When I first visited Bhutan fifteen years ago the official attitude was very different. At that time the country had been, if anything, in retreat, backing away from the opening to the rest of the world that began in 1972 with the coronation of King Jigme Singye Wangchuk. This time, on my second visit, I was interested to see what impact the new tourism policy was having on the country—and whether it could act as any kind of solution for the problems of modernity.
The hardcore Himalaya
Of all Himalayan countries, Bhutan is the most alluring to westerners, at least to those with a romantic view of history—and a penchant for monarchical rule with its attendant social hierarchies. It is the most remote country in Asia, the least touched by modernity, and the least affected by violent political conflict. (There are exceptions: groups of Assamese insurgents have found refuge from the Indian army inside the southern border of Bhutan, and, more significantly, there are renewed rumblings from the country’s displaced Southern Hindu minority, many of them exiled in Nepal, long a reproach to Bhutan’s otherwise decent human rights record.)
Tucked into the eastern end of the Himalayan chain, between China and India, Bhutan’s survival as an independent state into the present century is itself something of a miracle. With the neighbouring kingdom of Sikkim swallowed by India, and Tibet taken over by China in the 1950s, Bhutan is the only remaining officially Buddhist state in the region. It is also, with less than a million inhabitants and more than a dozen indigenous languages, the most variegated, both in its terrain and its human geography.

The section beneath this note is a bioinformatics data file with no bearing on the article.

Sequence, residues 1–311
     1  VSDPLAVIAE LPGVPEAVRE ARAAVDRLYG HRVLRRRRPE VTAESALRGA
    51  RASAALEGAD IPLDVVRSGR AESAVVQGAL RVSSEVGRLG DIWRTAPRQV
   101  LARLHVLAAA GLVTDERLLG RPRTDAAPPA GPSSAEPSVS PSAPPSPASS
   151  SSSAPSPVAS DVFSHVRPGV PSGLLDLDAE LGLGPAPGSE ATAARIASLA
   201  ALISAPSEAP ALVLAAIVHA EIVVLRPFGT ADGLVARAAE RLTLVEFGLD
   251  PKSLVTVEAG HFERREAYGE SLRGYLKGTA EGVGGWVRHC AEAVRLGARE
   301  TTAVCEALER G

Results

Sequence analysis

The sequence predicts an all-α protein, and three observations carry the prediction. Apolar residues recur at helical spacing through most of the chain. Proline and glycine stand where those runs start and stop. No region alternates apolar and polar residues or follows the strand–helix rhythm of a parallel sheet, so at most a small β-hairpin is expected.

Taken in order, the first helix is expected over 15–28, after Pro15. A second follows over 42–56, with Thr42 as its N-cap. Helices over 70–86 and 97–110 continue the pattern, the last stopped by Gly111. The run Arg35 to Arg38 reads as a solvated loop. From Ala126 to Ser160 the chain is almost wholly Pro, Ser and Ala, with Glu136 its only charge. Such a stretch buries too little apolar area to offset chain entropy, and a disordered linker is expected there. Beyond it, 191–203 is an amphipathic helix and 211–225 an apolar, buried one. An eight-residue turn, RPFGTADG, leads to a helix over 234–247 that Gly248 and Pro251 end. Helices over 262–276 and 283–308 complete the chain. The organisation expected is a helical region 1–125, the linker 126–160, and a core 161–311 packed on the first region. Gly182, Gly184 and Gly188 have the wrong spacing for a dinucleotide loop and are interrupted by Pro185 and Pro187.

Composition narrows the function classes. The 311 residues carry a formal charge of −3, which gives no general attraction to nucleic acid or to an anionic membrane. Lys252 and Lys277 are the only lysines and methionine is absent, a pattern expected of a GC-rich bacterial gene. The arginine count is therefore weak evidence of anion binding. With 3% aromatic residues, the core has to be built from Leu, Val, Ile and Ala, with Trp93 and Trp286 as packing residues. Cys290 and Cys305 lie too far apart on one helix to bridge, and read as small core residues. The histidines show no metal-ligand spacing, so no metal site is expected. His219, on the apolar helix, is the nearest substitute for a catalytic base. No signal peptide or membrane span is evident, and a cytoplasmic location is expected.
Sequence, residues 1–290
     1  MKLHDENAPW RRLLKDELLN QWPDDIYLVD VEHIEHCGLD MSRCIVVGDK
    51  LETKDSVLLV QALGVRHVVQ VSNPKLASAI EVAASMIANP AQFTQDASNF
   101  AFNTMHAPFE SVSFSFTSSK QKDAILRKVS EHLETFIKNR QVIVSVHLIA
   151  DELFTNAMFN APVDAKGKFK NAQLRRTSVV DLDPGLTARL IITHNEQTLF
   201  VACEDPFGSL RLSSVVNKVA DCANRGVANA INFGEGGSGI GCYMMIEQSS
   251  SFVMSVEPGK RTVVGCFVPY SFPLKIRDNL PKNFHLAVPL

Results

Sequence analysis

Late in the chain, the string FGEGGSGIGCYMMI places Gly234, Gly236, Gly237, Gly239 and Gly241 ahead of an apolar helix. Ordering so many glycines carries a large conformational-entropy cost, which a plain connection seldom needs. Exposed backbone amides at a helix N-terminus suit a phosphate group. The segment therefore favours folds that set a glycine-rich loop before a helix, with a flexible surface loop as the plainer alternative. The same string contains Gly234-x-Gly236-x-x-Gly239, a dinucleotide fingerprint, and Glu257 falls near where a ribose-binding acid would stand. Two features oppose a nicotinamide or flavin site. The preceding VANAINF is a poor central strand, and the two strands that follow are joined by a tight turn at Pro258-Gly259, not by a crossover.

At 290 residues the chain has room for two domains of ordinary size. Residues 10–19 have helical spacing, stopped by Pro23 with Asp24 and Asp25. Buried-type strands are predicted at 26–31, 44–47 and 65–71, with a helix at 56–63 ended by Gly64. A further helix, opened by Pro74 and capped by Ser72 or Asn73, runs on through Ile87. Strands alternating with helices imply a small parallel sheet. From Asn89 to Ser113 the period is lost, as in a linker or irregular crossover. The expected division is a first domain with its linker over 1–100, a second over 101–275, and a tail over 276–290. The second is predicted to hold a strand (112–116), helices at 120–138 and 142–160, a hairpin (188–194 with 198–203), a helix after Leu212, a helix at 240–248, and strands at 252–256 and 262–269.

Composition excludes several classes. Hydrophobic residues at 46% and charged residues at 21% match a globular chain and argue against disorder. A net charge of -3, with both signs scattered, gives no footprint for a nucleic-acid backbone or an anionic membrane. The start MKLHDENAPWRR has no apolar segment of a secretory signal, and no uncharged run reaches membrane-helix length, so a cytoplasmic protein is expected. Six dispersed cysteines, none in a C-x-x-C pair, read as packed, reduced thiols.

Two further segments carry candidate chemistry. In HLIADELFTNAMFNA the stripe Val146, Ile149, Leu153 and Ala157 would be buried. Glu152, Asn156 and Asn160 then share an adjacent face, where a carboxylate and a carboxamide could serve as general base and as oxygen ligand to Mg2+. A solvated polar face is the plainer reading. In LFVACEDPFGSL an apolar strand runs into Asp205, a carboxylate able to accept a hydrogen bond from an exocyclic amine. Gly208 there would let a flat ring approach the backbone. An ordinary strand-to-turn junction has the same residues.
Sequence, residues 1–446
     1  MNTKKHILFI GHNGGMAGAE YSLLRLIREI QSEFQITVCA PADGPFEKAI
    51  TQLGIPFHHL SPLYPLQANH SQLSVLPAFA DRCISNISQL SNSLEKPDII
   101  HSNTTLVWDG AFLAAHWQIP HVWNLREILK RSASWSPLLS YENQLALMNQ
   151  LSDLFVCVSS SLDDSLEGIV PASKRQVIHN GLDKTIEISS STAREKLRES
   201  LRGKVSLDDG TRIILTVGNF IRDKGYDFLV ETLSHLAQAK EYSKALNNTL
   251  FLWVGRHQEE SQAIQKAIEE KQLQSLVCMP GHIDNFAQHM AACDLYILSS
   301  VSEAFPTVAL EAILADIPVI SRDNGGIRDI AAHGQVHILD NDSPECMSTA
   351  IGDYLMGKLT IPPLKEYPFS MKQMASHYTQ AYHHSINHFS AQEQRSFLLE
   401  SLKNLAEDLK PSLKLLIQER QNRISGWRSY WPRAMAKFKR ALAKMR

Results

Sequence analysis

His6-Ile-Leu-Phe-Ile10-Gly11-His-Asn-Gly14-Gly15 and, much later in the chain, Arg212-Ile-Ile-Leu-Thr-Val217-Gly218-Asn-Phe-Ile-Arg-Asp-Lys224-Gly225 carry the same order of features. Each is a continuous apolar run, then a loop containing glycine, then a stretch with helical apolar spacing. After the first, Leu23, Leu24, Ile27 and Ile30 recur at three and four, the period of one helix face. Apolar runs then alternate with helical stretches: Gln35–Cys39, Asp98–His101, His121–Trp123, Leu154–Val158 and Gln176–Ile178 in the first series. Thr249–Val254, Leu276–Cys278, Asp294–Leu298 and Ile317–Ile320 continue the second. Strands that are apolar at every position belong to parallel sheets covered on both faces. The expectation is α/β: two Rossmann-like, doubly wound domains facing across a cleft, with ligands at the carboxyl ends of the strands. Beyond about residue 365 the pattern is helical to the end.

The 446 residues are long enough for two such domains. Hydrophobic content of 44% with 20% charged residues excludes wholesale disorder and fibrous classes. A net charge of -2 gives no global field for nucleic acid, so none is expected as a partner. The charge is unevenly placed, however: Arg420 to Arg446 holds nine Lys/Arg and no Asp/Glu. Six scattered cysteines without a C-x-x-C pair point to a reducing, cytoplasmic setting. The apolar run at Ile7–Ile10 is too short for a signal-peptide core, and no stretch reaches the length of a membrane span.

The Paro Valley, where all air-travellers arrive, looks like an oriental version of Switzerland, a giant zen garden, with tiny boulder-strewn plots gleaming with wheat and barley. In the growing season flooded rice fields mirror the mountains and the sky; the valley floor is threaded silver with irrigation channels that flow from the Paro river as it hurtles towards the plains of Bengal. This central part of the country could be termed Himalaya Lite, an ecozone that starts at a thousand meters and ends at three thousand, before the high peaks begin.
As you travel up the Paro valley away from the motor road, on foot or horseback towards Tibet, the terrain gets steeper and wilder; three days travel through ravines dense with larches and rhododendrons brings you to the treeless summer pastures, and, beyond them, the realm of rock and ice. This high, cold zone is a different realm: this is hardcore Himalaya, home to blue sheep and snow leopards (though you would be lucky to catch sight of the latter).
In the other direction, southwards from the central zone of the country, the Paro valley descends into yet another environment, lower, flatter, hotter and more verdant, where rice paddies and tea plantations alternate with dense jungle. The latter is the habitat of some of the last remaining elephants and tigers in the subcontinent. This transition from north to south in Bhutan—from mountains to plains, from the big freeze to the big heat—is repeated the length of the country. As you travel east or west in the middle altitudes—whether you are walking, or driving on the country’s only motor road—you must move continually up and over the passes that join one valley system to another. There are no flat stretches.